India insist Pak tour on as Hindu militants dig up pitch

7 January 1999

India insist Pak tour on as Hindu militants dig up pitch

AFP

NEW DELHI, Jan 7 (AFP) - Indian cricket officials pledged Thursday Pakistan's first Test series on India soil in 12 years would go ahead as scheduled after Hindu militants opposed to the tour damaged one of the venues.

About 25 supporters of firebrand Hindu leader Bal Thackeray's Shiv Sena party stormed New Delhi's Ferozeshah Kotla stadium, the venue of the first Test, on Wednesday night and dug up the pitch.

Delhi cricket secretary Sunil Dev said the damage was "minimal and repairable" and was confident the wicket would be ready before the Test starts on January 28.

"Cricket lovers all over India are waiting for this tour, and we will make sure it takes place," Dev said. "We cannot be taken to ransom by fanatics not interested in the game."

The Shiv Sena, which claimed responsibility for the attack, said they would "go to any extent" to prevent the Pakistani cricketers from playing in India.

"Games are played between friends and not enemies," said Jaya Bhagwan Goel, the head of the party's Delhi unit. "How can you play with a country which is bent on destroying you."

Goel also threatened physical assault on the tourists, saying "it was now for Pakistan to think about the safety of it's players. Everything is possible in this charged atmosphere."

Police tightened security around the Kotla ground after the incident and the Board of Control for Cricket in India (BCCI) ordered other centers staging Pakistan's matches to follow suit.

"All the venues will be protected with immediate effect," BCCI secretary Jayawant Lele said, adding he was in constant touch with both the Indian government and Pakistani cricket officials.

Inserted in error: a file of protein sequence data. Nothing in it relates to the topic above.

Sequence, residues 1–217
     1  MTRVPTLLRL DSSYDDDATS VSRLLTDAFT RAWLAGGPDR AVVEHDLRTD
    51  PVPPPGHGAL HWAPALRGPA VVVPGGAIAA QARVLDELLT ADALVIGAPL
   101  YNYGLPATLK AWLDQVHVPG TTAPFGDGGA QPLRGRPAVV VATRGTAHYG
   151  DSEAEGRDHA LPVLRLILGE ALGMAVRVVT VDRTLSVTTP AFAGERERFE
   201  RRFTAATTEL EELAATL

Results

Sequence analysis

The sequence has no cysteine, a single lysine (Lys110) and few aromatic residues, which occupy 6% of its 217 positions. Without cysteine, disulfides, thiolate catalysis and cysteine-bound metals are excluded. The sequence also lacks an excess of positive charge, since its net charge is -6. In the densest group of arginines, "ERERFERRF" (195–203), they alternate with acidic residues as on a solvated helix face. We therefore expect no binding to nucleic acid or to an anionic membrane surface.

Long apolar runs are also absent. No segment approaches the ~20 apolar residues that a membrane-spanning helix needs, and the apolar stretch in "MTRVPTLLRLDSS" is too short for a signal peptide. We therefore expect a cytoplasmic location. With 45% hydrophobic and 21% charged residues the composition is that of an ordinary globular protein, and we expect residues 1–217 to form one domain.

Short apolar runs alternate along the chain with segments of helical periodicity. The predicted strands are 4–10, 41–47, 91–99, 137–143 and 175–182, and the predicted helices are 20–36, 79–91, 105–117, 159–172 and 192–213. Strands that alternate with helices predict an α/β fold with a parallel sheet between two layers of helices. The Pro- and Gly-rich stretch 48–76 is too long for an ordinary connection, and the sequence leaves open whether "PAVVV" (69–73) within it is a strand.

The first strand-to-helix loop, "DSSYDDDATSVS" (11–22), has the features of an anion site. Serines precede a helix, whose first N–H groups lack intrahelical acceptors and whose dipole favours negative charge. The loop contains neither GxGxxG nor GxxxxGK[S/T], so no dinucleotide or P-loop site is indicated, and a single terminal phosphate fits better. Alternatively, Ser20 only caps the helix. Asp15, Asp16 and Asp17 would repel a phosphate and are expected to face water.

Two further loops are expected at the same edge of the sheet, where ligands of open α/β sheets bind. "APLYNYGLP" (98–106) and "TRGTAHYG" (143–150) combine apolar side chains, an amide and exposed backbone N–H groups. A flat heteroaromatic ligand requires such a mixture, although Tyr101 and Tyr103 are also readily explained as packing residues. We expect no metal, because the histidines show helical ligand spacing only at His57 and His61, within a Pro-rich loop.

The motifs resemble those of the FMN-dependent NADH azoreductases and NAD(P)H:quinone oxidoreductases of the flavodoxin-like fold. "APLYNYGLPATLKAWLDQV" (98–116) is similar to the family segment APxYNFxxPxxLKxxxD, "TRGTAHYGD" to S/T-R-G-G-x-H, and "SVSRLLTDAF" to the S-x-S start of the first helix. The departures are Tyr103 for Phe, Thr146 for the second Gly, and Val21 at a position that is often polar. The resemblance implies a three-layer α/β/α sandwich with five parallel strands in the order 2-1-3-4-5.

Pakistan, who last played a Test on Indian soil in March 1987, are due to arrive here on January 21 for a two-Test series, the Asian Test championship opener against India and a triangular one-day series also featuring Sri Lanka across India.

In 1991, Thackeray's men vandalised the pitch at Bombay's Wankhede stadium two days before Pakistan were to play a one-day series in India.

Pakistan cancelled that tour, and two more in 1993 and 1994, because of security fears. They however played in India during the 1996 World Cup and the Independence Cup the following year without any problems.

Indian Prime Minister Atal Behari Vajpayee has personally pledged to protect the visitors this time, although Pakistani cricket chief Khalid Mahmood warned last month that the tour could still be called off if the safety of cricketers could not be guaranteed.

Pakistan are not scheduled to play in the Shiv Sena-controlled western state of Maharashtra, including the cricket-mad state capital of Bombay, during the two-month tour.

Four persons arrested for damaging the Kotla wicket admitted they were carrying out instructions from Thackeray, who said on Monday his "boys" were taking steps to prevent the tour from going ahead.

The vandals struck late on Wednesday after scaling the walls of the stadium from an adjacent petrol pump. Police officials on the spot did nothing to stop the damage.

"Luckily, it was very dark and also raining," Dev said. "They probably could not see properly because there are only small holes on the wicket."

Lele ruled out a shift in venues, saying the government had approved all staging centers. But cricket fans were still apprehensive about the tour going ahead.

Many wondered whether the Pakistanis would take kindly to such an attack taking place in the Indian capital, the seat of the Hindu nationalist government which has pledged to protect the cricketers.

Source :: AFP

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